It is intended that all car classes will re-implement this method to provide appropriate driving messages. As such, the generic implementation is a bit pointless since it is never intended to be called directly and should not be called by any descendant class version of it.In such a case we can declare the method as abstract in the class definition. This means that we no longer have to supply a dummy implementation just to keep the compiler happy. We can declare the method in the base class and then all descendant classes will have to override the method and provide an implementation of it.
On the disk this month is a new version of last month's project called ObjectsEg2.dpr. In the unit that defines the car classes (ObjectsEg2CarClasses.pas) the base class TCar has been modified to look like this (note the reserved word abstract):
An abstract method by definition has to be virtual, otherwise it runs a high risk of being called. If an abstract method is called you get an EAbstractError exception raised. However, if this was to occur due to some code mistakenly constructing an instance of the base class (which is not intended to happen, as it represents a generic common base for all the real car classes) the compiler generates a warning: Constructing instance of 'TCar' containing abstract method 'TCar.Drive'.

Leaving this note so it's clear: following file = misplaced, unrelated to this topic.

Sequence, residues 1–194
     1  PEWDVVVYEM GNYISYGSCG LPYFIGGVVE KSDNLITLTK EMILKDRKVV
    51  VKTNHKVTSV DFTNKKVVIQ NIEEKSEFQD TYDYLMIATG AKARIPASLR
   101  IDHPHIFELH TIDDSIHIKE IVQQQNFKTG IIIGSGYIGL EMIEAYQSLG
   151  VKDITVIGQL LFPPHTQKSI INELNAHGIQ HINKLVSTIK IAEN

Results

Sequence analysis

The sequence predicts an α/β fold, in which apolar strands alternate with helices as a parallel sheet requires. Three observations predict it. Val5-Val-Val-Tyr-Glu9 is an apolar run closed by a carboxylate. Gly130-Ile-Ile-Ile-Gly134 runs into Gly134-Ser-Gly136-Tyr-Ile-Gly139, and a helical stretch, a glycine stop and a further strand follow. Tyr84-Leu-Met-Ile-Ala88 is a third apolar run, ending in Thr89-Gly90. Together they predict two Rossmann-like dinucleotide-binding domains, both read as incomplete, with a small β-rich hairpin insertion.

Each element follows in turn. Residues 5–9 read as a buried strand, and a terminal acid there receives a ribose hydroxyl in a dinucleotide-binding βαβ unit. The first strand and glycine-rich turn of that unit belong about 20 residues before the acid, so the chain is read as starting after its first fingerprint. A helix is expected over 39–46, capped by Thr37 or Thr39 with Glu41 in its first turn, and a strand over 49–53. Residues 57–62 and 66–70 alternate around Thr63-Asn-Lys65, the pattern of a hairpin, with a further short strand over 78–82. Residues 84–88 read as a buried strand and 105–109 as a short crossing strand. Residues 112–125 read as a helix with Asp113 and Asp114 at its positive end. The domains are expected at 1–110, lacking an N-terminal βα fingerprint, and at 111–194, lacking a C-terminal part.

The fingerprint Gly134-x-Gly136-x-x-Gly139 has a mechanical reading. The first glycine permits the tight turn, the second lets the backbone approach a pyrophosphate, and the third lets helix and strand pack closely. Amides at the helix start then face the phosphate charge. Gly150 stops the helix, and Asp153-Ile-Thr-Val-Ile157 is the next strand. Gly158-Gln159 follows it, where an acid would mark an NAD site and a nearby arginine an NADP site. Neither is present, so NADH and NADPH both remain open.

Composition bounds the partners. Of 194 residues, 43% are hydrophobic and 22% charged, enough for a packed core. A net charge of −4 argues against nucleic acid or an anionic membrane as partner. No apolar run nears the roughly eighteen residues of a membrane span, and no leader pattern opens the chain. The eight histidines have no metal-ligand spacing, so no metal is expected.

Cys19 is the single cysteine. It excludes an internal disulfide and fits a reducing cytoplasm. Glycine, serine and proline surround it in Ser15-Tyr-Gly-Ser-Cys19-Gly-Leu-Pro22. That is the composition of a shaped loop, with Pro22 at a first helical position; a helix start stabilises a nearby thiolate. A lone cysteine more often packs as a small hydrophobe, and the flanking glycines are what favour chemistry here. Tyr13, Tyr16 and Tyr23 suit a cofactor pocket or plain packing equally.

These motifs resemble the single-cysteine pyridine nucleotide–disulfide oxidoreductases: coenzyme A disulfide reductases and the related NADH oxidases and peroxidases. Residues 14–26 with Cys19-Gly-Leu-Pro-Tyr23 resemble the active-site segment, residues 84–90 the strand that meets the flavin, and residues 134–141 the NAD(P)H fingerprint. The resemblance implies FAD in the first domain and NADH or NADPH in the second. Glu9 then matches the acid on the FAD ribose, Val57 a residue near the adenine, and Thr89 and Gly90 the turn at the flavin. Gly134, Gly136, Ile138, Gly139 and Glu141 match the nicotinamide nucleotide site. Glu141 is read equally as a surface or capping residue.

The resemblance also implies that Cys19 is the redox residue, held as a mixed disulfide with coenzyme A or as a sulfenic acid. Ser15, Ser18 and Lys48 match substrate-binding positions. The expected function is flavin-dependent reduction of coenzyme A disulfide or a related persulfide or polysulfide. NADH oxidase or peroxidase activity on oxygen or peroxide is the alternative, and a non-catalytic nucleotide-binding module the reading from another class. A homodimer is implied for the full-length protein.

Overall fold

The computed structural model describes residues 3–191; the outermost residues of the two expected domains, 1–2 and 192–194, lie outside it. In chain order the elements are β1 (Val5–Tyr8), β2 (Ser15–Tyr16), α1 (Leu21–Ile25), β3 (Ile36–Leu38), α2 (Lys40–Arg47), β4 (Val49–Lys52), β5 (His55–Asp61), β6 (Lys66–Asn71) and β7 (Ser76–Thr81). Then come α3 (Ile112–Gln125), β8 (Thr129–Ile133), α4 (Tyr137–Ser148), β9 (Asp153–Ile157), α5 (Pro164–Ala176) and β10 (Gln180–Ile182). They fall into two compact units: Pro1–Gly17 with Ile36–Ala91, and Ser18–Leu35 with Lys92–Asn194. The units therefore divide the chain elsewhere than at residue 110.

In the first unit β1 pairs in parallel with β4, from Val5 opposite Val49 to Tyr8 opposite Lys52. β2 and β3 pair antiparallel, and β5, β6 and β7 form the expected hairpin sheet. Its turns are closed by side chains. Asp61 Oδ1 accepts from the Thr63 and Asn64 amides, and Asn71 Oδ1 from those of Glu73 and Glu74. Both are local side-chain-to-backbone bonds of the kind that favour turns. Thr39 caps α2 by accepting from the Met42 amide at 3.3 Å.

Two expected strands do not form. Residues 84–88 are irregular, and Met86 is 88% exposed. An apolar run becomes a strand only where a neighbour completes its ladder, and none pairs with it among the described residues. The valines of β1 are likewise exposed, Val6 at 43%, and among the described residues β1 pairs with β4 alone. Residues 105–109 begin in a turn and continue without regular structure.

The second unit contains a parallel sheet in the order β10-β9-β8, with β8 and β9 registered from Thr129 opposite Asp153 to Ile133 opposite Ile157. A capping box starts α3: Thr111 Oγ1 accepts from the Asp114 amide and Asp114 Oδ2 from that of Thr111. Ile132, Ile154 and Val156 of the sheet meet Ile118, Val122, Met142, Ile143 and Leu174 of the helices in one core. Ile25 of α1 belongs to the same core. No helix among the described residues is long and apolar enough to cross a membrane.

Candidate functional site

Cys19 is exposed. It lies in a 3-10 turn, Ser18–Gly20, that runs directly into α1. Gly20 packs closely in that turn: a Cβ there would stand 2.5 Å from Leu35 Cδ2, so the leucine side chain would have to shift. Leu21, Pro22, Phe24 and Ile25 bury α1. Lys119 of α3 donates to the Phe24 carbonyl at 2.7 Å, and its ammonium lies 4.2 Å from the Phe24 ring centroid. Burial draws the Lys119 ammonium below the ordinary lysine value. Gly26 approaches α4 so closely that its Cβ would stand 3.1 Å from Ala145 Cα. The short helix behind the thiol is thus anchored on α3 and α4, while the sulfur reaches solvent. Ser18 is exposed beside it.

An example of a useful polymorphic method is Assign. This provides a mechanism to copy the contents of one object to another. In Kylix, if A and B are variables that refer to objects you can't just write something like: A := B;
That won't copy the second object's data to the first; it will simply copy the address of the second object and store it in the first object reference variable. This means that A and B will both refer to the second object and you lose access to the first object (unless another variable still refers to it).